Low Water Pressure no longer! Help!!

MemRefreshABC

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Hi Techist Friends. Does anyone know why a person would have low water pressure for years and than suddenly stop working alltogether? Is it possible that there is a broken water line or possibly the pump stopped working?
 

Joe C

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Are you on city water that gets supplied to you or do you have your own well on your property?
If your on city water then it sounds like your water line could be plugged up with sediments. call your city/local township water dept to have them check it for you.
If your on your own well then yup...check the pump/pressure switch/expansion tank to see if they are operating like they should be.
 

MemRefreshABC

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Are you on city water that gets supplied to you or do you have your own well on your property?
If your on city water then it sounds like your water line could be plugged up with sediments. call your city/local township water dept to have them check it for you.
If your on your own well then yup...check the pump/pressure switch/expansion tank to see if they are operating like they should be.
Thank you for responding Joe. It is a private well in a sub- rural area. I was thinking the same regardig the sediment. My husband checked it and determined that somone shut our water off by mistake. We suspect our new neighbors thought our well was theirs and forgot to turn it back on. The water pressure for the hot water appears weaker than the cold water side. We have extremely low pressure even after my husband turned our water back on.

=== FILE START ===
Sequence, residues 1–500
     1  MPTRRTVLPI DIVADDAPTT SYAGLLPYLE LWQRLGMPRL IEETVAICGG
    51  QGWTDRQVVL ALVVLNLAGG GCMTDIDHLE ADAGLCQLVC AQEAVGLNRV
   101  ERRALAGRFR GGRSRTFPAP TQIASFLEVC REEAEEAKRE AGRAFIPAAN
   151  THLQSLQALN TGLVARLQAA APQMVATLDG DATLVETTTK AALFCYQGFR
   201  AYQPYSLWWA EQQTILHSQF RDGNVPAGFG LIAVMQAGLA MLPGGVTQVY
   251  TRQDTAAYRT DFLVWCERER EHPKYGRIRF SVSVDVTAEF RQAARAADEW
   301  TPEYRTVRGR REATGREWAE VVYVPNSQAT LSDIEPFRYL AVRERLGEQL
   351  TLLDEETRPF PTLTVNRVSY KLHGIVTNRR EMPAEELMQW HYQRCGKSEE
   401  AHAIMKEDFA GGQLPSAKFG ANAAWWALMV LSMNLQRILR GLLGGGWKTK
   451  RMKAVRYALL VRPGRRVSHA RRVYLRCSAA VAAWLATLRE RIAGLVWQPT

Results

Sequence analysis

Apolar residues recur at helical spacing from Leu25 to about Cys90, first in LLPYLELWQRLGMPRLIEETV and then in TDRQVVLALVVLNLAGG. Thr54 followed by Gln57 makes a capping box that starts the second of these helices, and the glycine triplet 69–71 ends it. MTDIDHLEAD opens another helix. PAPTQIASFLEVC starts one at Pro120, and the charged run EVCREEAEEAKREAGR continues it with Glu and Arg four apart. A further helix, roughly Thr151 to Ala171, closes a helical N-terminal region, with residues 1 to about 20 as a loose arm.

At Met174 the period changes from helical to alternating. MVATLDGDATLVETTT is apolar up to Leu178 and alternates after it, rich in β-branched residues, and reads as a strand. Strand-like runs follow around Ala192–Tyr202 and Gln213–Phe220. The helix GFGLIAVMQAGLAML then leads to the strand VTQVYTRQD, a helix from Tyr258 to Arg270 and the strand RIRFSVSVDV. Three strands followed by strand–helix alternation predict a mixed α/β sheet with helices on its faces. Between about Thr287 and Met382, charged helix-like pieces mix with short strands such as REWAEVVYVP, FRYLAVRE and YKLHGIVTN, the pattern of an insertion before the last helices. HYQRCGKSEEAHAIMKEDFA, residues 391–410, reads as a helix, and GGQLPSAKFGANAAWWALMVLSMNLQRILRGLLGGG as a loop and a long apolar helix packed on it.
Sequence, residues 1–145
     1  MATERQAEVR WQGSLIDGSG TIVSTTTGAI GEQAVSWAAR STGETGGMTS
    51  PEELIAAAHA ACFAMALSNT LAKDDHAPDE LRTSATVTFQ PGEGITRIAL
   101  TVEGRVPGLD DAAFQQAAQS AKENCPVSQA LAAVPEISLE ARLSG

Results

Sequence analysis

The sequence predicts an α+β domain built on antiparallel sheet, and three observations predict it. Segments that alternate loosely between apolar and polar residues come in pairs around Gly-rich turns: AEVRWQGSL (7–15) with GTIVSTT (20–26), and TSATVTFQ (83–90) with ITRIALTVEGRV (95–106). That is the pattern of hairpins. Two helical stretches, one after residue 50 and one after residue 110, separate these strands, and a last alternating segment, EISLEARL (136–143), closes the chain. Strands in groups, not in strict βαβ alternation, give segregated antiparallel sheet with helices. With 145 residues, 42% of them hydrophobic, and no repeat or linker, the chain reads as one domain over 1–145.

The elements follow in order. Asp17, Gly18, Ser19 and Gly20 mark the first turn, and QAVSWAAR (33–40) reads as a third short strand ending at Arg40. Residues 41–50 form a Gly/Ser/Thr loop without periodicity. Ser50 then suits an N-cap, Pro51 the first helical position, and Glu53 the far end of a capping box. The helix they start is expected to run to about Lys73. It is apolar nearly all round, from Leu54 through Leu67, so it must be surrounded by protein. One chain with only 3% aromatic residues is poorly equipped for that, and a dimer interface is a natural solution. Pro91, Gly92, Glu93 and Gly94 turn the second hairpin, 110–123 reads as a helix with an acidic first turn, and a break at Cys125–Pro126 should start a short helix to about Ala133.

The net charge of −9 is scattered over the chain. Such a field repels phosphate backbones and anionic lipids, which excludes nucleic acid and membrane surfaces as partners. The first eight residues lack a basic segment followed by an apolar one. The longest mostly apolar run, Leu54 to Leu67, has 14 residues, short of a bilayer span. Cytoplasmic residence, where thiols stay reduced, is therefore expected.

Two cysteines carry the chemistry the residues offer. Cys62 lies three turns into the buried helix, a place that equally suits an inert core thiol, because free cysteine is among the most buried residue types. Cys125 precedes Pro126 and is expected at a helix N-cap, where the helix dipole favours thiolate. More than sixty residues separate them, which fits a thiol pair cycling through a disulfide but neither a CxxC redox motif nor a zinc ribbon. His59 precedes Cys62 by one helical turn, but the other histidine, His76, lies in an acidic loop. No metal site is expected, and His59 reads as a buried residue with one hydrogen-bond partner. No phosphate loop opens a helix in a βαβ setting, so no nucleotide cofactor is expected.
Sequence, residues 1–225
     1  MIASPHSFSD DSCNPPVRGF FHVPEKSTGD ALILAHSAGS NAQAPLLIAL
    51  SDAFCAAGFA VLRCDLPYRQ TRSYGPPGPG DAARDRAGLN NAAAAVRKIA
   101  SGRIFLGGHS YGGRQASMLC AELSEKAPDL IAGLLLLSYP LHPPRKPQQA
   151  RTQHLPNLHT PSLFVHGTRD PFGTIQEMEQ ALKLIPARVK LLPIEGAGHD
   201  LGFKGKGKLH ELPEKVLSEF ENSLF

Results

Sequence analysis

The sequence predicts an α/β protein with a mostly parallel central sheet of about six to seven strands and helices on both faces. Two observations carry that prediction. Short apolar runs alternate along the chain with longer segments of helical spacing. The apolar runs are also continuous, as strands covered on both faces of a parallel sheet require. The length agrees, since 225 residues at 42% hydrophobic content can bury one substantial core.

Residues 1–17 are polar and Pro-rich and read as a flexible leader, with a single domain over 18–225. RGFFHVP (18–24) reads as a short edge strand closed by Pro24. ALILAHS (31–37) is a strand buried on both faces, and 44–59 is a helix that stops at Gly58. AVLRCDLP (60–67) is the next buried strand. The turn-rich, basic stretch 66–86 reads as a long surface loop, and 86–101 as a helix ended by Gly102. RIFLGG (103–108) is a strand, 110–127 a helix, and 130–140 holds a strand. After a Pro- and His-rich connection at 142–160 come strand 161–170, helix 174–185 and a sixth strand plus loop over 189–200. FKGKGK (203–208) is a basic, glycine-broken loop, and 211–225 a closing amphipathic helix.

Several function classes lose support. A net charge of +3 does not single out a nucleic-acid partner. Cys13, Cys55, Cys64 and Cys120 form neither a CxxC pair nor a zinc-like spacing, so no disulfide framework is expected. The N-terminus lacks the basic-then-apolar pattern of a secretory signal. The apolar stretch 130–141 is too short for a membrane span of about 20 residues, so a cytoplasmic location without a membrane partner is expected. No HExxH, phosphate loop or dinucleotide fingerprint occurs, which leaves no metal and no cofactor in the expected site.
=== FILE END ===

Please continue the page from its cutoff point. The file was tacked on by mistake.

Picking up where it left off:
Joe C

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You should have a pressure gauge on the outlet side of your pump. It should be between 40 to 60 psi. Run you water to see where the pressure is when you pump kicks on and where it is when it kick off and make a note of that. You can check the pressure in your expansion tank (which should be about 40 psi) with an accurate tire gauge. There should be what they call a schrader valve on top of your expansion tank (this is what the pump usually sits on top of) Check the pressure and if water comes out of the valve when you try to check it with a tire gauge then the bladder inside the expansion tank has failed. Most pressure switches can be adjusted for the cut-in and cut-out pressures but if you or your hubby are technically challenged in that area you might want to get a well company out there to set those points.
Note: I used to have an old style of pump when I lived in the country where the pump was inside the house but many newer places have the pump in the well pipe coming up from the ground and you won't see the pump per se, but you should still have the expansion tank and pressure gauge and pressure switch within the house.